An obvious prerequisite for any experimental model is that it responds to perturbations and stresses in an expected manner and exhibits expected properties and functions. Table 2 summarizes several critical properties of PT cells that should be confirmed, to consider hPT cells as a proper experimental model for drug screening, toxicity assessments, and drug development studies. These properties include morphology, drug transport and metabolism, cellular energetics, and redox status. Additional properties or functions should certainly be assessed depending on experimental needs. Examples of such properties or functions include expression of hormone receptors, synthesis of specific gene products (e.g., erythropoietin), or response to specific hormones. Thus, depending on how the cells are being used, additional evaluation criteria are required. It should be noted that genetic polymorphisms exist for several key plasma membrane transporters (Lash et al., 2006) and drug metabolism enzymes (Lash et al., 2003, 2008). Consequently, detected levels of protein expression in hPT cells of organic anion transporters (OATs), P-glycoprotein (P-gp or MDR1), cytochrome P450s (CYPs), and flavin-containing monooxygenases (FMOs), just to mention a few cases, will likely differ considerably from various donors. Hence, it is important to establish maintenance of expression levels over the course of primary culture rather than to look for specified levels of expression.

An important note about measurement of drug transport is that the hPT cells need to be grown on a matrix that enables maintenance of epithelial polarity. An example of such a matrix is Transwell filter plates. These plates contain compartments with raised, semi-permeable membranes on which the cells attach. As epithelial cells grow with their luminal or brush-border membrane facing upwards, the upper compartment of the Transwell filter plate is analogous to the tubular lumen so that addition of substrate to this compartment allows for access to the brush-border plasma membrane. In contrast, the basolateral surface faces downwards so that the lower compartment of the Transwell filter plate is analogous to the renal interstitial space and addition of substrate to this compartment allows for access to the basolateral plasma membrane.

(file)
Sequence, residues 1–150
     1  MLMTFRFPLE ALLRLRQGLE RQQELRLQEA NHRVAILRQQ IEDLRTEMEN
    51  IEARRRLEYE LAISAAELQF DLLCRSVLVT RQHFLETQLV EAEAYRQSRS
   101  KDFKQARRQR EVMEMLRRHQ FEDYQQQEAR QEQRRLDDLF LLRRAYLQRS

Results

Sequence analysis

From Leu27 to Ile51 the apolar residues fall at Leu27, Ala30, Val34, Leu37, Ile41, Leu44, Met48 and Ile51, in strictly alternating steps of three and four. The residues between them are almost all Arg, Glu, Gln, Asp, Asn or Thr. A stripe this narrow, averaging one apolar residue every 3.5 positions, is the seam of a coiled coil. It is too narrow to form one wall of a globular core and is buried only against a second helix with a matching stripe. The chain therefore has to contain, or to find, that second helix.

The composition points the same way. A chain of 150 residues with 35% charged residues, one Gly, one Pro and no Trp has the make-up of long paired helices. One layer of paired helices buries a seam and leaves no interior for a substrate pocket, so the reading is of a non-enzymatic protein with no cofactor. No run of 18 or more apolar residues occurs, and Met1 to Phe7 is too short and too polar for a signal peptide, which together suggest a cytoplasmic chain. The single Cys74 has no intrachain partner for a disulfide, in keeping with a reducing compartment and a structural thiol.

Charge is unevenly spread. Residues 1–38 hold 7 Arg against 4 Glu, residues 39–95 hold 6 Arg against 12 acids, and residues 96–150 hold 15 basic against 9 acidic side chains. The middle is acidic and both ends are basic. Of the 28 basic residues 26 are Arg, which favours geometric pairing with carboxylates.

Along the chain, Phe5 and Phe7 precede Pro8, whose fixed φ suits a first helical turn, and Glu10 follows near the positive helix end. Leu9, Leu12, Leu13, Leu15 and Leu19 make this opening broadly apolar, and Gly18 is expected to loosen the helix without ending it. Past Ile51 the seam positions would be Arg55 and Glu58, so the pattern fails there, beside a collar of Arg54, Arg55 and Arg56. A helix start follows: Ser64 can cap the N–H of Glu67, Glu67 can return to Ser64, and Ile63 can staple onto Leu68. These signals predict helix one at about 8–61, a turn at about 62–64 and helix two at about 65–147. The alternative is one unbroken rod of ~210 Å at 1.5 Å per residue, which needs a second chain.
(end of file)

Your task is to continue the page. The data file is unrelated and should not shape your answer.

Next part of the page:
Morphology of control or toxicant-treated hPT cells is illustrated in Figure 1. hPT cells were grown for 24 hr in the presence of either cell culture medium (= Control), 1 µM staurosporine, or 100 or 500 µM S-(1,2-dichlorovinyl)-L-cysteine (DCVC). The control cells exhibit the expected cuboidal shape with a single, large nucleus and numerous mitochondria. Staurosporine is a broad-specificity protein kinase inhibitor that causes apoptosis in many cell types (Yang et al., 1997), and has been used by us as a positive control for apoptosis in hPT cells (Lash et al., 2001). DCVC is a metabolite of the environmental contaminant and “probable human carcinogen” trichloroethylene that specifically targets mitochondria from renal PT cells and produces nephrotoxicity and renal cancer (Lash et al., 2000a, 2000b; Xu et al., 2008). DCVC is derived by conjugation of trichloroethylene with glutathione and subsequent metabolism, and can cause death of hPT cells by both necrosis and apoptosis, depending on exposure time and concentration (Lash et al., 2001). As can be seen from the photomicrographs of hPT cells exposed to either staurosporine or DCVC (Figure 1B-1D), considerable damage to cells in terms of overall shape and size and the appearance of intracellular vesicles and apoptotic bodies can be readily observed (see arrows in panels B-D).

Processes Studied in hPT Cells

A large variety of biochemical and physiological processes as well as cellular responses to various stresses can be studied in primary cultures of hPT cells, making the model very adaptable to most experimental needs. These include basic biochemical processes such as drug and intermediary metabolism, membrane transport, various assessments of mitochondrial function, various measurements of redox status and oxidative stress, assays of acute cytotoxicity, more complex and integrated processes such as protein and DNA synthesis, signal transduction pathways, assessments of gene regulation, and assays of chronic cytotoxicity, including cell death, proliferation, and repair.

Figure 2 outlines the basic types of responses of hPT cells to chemical perturbation or injury. The partitioning among the different responses will certainly differ for different classes of drugs, but is generally dependent on both exposure dose and time. For example, in a study on DCVC-induced toxicity (Lash et al., 2001), we showed that exposure of hPT cells to relatively high concentrations of DCVC (≥ 250 µM) for periods of time up to 8 hr typically results in necrotic cell death, indicative of acute tubular necrosis. In contrast, exposure of hPT cells to relatively low concentrations of DCVC (≤ 100 µM) for longer periods of time (24 to 48 hr) primarily results in apoptosis but also some evidence for enhanced cell proliferation and repair.

Figure 3 details the types of measurements that can be made to describe the cellular responses outlined in Figure 2. This scheme highlights some of the types of detailed, mechanistic studies that can be conducted when studying drug-induced nephrotoxicity. Many drugs and chemicals that produce nephrotoxicity must first be metabolized to reactive intermediates that either directly damage critical cellular molecules, such as DNA or protein, or indirectly generate reactive oxygen species (ROS), causing oxidative damage to the cell. If DNA structure or replication is altered, exposures to drugs can lead to mutations, altered gene expression, and possible genetic transformation of affected cells. Each step of these responses can readily be investigated in hPT cells.